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Airbus orders checks on A400M engine system after flight test crash

A man takes pictures of an Airbus A400M landing in Sevilla after a test flight on May 10, 2015. AFP PHOTO/ CRISTINA QUICLER

PARIS: Airbus Tuesday ordered engine software checks on the A400M military aircraft following the recent fatal crash of Europe’s new troop and cargo carrier.

The request comes after the discovery of a potential anomaly in the system running the plane’s turboprop engines.

However, one person familiar with the findings said preliminary evidence gathered so far appeared to suggest a “quality” problem rather than a fundamental design flaw.

Four crew members were killed when an A400M crashed in Spain on May 9 during a predelivery flight test.

Airbus said it had issued an alert asking air forces to examine the plane’s “Electronic Control Unit.”

The unit controls the engines and is part of a suite of software systems that were partly blamed for earlier delays and cost overruns in building the troop and cargo carrier.

“To avoid potential risks in any future flights, Airbus Defense and Space has informed the operators about necessary actions to take,” a statement said.

The call for engine-related checks confirms an earlier Reuters report.

So far, no clues have emerged from the “black box” flight recorders and the potential area of concern that led to the checks was discovered by Airbus itself.

“It is a precautionary measure which is part of our continued airworthiness activities,” a spokeswoman said.

The Airbus A400M was developed at a cost of 20 billion euros, marking Europe’s largest defense project. It is powered by the West’s largest turboprop engines, designed by Britain’s Rolls-Royce, France’s Safran and Germany’s MTU Aero Engines. Problems in developing the engines, and particularly in certifying the engine control software, contributed to three years of delays and a new cash injection by governments in 2010.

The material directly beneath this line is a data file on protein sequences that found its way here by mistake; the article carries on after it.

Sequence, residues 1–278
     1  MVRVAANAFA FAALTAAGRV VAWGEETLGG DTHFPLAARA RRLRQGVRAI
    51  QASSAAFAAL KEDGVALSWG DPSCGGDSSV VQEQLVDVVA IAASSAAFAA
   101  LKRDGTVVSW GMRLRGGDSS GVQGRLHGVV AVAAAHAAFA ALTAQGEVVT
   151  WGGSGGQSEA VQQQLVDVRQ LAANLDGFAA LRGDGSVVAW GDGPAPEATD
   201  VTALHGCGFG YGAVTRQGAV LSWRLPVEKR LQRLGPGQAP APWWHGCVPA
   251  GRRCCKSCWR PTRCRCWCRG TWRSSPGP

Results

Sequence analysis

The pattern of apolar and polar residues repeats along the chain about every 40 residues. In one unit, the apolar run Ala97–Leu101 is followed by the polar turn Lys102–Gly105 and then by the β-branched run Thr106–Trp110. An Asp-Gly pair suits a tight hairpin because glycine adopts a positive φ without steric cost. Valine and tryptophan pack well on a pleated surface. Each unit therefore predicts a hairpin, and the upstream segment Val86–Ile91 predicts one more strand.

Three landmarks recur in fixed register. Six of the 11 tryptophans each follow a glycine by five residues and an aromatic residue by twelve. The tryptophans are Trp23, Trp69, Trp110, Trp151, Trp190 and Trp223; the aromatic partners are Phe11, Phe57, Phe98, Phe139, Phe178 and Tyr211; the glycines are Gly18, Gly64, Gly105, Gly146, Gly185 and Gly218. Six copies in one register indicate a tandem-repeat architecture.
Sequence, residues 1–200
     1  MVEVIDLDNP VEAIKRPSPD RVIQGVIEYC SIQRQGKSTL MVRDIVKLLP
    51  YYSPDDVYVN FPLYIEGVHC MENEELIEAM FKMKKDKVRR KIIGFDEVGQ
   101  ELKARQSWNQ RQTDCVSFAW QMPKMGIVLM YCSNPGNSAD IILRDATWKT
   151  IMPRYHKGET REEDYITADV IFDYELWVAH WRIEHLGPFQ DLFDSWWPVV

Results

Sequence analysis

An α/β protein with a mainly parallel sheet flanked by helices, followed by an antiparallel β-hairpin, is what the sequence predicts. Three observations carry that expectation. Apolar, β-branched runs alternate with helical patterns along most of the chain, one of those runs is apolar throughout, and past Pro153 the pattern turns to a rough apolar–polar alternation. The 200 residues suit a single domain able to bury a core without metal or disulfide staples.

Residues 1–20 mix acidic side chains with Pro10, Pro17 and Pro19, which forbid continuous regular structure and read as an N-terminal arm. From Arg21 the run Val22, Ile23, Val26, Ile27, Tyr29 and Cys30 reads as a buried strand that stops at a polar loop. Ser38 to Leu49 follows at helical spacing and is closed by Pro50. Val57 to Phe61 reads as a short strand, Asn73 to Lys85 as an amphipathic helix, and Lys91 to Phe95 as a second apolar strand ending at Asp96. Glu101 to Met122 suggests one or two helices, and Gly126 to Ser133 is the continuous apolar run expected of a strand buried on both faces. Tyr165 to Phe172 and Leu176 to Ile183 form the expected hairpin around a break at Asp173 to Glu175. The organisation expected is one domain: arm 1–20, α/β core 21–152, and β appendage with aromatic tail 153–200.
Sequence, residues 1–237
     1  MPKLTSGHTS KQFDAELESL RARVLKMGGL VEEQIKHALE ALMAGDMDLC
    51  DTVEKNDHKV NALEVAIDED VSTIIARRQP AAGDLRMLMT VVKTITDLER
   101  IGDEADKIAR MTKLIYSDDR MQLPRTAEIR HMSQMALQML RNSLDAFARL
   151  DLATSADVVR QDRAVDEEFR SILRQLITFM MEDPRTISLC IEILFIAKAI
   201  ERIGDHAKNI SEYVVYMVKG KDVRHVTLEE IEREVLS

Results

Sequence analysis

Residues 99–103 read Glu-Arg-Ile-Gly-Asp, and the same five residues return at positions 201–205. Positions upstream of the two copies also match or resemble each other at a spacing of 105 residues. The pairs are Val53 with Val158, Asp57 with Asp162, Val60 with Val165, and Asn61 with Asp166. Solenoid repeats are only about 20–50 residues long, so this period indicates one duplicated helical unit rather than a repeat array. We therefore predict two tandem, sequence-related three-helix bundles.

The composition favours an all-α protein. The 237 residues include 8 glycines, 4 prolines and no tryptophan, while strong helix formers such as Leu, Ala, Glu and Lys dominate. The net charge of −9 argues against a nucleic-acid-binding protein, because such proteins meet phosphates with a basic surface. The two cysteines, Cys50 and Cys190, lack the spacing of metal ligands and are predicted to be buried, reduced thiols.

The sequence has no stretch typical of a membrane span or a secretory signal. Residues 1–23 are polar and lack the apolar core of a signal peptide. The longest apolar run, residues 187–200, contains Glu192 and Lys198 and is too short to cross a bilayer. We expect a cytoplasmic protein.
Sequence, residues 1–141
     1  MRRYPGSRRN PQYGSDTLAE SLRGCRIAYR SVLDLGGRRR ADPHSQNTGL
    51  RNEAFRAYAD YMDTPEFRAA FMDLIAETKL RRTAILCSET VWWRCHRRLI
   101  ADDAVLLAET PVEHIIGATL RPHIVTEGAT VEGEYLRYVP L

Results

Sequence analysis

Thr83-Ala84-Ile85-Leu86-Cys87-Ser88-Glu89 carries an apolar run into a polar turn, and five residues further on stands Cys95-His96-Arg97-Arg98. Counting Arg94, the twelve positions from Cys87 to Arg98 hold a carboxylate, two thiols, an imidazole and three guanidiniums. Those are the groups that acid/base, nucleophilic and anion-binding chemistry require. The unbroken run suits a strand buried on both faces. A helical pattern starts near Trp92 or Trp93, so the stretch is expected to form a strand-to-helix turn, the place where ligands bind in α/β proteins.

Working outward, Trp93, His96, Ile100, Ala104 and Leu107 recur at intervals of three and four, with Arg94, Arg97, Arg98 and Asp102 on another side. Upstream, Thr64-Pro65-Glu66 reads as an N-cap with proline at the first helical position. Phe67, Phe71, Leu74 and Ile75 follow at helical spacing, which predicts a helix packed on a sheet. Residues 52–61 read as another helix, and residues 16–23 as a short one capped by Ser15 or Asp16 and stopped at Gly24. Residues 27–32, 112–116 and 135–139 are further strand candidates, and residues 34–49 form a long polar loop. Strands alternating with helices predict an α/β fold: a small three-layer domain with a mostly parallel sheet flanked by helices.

The Electronic Control Unit is one of two pieces of complex software that make up the engine control system, or FADEC, whose development was led by Munich-based MTU Aero Engines. MTU Aero Engines declined to comment.

The crash came amid new delays in fitting the aircraft with military systems and raised further questions over the timing of deliveries after Spain suspended predelivery test flights. Airbus has said deliveries were “under review.”

The A400M has been delivered to Britain, France, Germany, Turkey and Malaysia, so far the only export customer. Other buyers include Belgium, Luxembourg and Spain.

One person familiar with the probe said investigators were expected to focus on whether a faulty device had been fitted without adequate verification.

Others said the fleet-wide checks were intended to check whether any more serious flaws had slipped through the thousands of hours of flight testing, something considered unlikely by people involved in steering the project out of past crises.

“The cause of the crash will only be discovered if Airbus’s findings are being matched with the data from the flight data recorder,” a military expert said, asking not to be named.

That comparison is however being complicated by the fact that black-box data is being kept private by a Spanish judge. The Spanish defense ministry, which is leading the official investigation, declined to comment, citing the judicial order.

 
A version of this article appeared in the print edition of The Daily Star on May 20, 2015, on page 6.

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